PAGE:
Access to food stamps in childhood has long-lasting education and health benefits.
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The health and economic security of America’s children from low-income families are in jeopardy with the recently introduced “Welfare Reform and Upward Mobility Act” by Congressman Jim Jordan and Senator Mike Lee. When millions of Americans lost work during the Great Recession, one federal program automatically stepped up to help displaced workers provide food for their families — the Supplemental Nutrition Assistance Program (SNAP), also known as food stamps. While scores have returned to work, the labor-market has offered fewer opportunities for regular, full-time work or wage growth. SNAP has helped them make ends meet, exactly as intended.

However, the new bill severely restricts access to SNAP for households with children, who make up two-thirds of the program’s caseload, by requiring the adult caretaker in families with children to meet a 100-hour per month work rule in order to qualify for assistance. Currently, only able-bodied adults under age 50 without dependents are subject to a minimum-hour monthly work rule. The Jordan-Lee bill would extend the work requirement to adults raising children (with some exemptions for those with children under age 6). Over 60 percent of households with children work while receiving SNAP, and nearly 90 percent have someone in the labor force in the 12 months surrounding receipt. However, many are unable to meet the 25 hour per week threshold in the proposed bill either because only part-time jobs are available or due to inadequate access to affordable child care, or both. The bill allows married parents to share the 100 required monthly hours, freeing up one to care for the children while the other works. But no such child care provision exists for single-parent households, exposing this already vulnerable population to greater economic risk.

The irony of this legislation’s timing is that it comes on the heels of path-breaking research demonstrating long-term benefits for those who have access to SNAP during childhood. While previous research had established that SNAP substantially curtails household food insecurity and lifts millions out of poverty, the new research shows that access to food stamps in childhood has long-lasting education and health benefits, substantially raising high school graduation rates and reducing the risk of obesity, heart disease, and other threats to good health and future economic success.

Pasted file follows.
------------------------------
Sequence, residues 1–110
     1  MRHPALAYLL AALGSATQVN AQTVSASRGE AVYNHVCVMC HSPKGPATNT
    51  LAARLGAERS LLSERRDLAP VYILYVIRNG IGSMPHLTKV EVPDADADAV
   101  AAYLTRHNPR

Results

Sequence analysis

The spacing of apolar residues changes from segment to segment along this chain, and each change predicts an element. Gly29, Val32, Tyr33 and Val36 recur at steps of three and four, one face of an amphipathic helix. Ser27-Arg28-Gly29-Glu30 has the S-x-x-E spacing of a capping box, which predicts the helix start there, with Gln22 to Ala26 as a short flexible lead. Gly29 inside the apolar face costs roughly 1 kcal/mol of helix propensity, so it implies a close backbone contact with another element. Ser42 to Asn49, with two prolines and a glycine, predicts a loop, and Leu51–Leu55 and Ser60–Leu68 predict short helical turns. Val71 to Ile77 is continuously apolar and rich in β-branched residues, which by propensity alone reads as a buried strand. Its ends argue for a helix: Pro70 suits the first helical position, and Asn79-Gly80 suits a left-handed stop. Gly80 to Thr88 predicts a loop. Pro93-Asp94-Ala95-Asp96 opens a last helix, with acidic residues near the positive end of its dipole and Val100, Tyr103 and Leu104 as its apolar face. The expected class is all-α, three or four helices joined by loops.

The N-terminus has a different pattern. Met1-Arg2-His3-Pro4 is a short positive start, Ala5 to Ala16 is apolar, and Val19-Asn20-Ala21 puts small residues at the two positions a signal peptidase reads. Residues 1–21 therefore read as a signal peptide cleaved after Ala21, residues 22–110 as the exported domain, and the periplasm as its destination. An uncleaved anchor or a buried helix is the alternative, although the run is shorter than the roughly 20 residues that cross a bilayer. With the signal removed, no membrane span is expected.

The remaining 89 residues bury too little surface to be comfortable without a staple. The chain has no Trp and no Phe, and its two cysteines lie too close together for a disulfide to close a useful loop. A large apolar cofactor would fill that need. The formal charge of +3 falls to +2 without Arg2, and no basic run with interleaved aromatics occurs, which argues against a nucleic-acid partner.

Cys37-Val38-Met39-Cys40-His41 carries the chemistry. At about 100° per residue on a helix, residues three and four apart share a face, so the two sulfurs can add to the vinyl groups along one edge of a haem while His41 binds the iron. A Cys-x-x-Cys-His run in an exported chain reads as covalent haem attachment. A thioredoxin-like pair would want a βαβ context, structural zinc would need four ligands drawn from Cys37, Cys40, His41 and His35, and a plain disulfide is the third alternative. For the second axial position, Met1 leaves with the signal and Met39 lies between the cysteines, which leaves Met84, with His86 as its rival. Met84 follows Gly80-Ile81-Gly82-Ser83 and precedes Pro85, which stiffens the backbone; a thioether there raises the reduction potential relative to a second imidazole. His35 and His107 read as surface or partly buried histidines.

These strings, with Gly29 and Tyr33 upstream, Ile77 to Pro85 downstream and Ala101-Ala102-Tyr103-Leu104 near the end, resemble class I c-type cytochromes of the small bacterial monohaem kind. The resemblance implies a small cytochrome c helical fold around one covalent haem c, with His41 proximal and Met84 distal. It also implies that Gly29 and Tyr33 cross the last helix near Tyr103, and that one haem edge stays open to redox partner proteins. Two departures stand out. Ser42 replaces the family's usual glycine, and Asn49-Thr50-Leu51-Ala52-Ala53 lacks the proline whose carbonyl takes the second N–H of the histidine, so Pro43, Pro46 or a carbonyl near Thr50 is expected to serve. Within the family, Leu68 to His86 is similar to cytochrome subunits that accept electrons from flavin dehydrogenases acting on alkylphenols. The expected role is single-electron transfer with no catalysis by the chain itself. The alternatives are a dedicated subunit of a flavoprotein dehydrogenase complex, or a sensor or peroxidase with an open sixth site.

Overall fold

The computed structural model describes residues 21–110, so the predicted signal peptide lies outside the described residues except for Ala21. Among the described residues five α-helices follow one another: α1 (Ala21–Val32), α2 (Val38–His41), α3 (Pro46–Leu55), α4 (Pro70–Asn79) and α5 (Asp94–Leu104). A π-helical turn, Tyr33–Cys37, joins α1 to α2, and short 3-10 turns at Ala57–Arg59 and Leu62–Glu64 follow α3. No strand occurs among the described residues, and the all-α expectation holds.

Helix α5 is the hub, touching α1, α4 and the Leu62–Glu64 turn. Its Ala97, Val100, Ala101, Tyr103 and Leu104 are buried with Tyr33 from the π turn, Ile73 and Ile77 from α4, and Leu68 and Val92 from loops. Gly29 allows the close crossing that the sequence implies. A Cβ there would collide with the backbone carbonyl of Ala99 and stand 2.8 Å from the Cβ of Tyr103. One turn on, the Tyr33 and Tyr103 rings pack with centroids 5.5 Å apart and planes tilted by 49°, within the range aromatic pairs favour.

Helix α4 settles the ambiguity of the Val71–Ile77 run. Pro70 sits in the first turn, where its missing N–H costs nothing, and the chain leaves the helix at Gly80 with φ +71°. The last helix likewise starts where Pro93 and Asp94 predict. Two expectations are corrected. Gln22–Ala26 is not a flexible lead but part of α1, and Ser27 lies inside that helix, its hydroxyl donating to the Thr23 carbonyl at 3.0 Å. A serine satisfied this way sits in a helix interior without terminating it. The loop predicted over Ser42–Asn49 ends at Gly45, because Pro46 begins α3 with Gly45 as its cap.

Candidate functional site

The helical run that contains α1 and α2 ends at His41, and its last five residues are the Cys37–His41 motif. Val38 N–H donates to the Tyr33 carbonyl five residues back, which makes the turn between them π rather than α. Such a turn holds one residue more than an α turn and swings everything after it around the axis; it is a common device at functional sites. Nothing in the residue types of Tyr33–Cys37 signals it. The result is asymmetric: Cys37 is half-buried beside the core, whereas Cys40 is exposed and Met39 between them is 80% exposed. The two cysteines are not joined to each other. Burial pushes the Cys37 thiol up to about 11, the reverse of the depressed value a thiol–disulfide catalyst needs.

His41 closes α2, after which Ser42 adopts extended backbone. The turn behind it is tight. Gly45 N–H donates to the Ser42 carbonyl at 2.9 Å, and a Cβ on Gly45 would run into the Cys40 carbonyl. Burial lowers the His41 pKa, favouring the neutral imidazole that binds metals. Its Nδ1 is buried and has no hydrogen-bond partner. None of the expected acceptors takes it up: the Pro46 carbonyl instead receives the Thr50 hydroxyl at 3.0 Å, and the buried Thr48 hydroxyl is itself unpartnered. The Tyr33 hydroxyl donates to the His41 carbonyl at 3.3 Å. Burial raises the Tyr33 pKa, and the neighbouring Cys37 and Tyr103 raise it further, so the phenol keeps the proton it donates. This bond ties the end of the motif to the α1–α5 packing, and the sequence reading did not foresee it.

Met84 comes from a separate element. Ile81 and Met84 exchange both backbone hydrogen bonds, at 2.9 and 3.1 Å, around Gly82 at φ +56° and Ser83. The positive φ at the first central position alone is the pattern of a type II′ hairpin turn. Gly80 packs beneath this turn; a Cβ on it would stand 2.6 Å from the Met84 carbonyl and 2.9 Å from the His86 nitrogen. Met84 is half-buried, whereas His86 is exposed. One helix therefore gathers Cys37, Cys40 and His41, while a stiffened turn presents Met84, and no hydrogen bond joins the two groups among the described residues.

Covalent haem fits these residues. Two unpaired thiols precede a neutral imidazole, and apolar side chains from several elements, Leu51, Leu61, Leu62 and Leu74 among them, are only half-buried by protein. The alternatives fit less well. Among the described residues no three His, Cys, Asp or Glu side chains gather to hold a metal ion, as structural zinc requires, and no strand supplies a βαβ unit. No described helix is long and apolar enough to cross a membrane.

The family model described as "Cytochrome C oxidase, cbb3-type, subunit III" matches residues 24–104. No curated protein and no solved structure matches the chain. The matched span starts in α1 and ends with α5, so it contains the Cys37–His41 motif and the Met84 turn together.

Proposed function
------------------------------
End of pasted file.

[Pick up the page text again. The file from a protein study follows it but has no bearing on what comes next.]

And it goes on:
Some policymakers are frustrated that participation in SNAP is still well above pre-recession levels despite falling unemployment. Wages for the middle and working classes in America which had already been stagnant for decades fell even further during the recession, and have been slow to recover. This means though they are now working, millions remain eligible for SNAP because of meager wage growth. In short, the U.S. labor market doesn’t provide enough well-paying jobs to lift every family out of poverty.

Participation also remains elevated because of great success by the states in reaching those in need. In 2000, nearly 1 in 2 households eligible for assistance failed to sign up, but the Bush administration provided states with greater support for program outreach, and today 8 in 10 eligible households participate. Today, over 90 percent of all benefits are paid to households with annual incomes below the poverty line, and error rates in benefit provision are at historic lows.

The impetus to pare back SNAP for households with children is based on the false premise that too many of them are receiving benefits for too long and without work. The evidence does not support this claim. On the contrary, in the case of SNAP, the evidence is clear that the current program has offered clear victories of better health, education, and incomes and that restricting access will be a significant setback for America’s children.

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